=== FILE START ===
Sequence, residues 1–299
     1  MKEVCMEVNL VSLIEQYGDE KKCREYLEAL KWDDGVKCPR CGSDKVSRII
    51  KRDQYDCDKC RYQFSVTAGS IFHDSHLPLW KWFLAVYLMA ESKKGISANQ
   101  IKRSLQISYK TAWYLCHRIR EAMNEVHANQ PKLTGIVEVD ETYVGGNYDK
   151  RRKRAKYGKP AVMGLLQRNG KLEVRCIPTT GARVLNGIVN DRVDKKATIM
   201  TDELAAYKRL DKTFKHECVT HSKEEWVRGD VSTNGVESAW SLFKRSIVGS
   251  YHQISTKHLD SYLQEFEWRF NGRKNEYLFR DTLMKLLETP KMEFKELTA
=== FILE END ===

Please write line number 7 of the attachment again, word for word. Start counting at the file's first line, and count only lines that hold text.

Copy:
   251  YHQISTKHLD SYLQEFEWRF NGRKNEYLFR DTLMKLLETP KMEFKELTA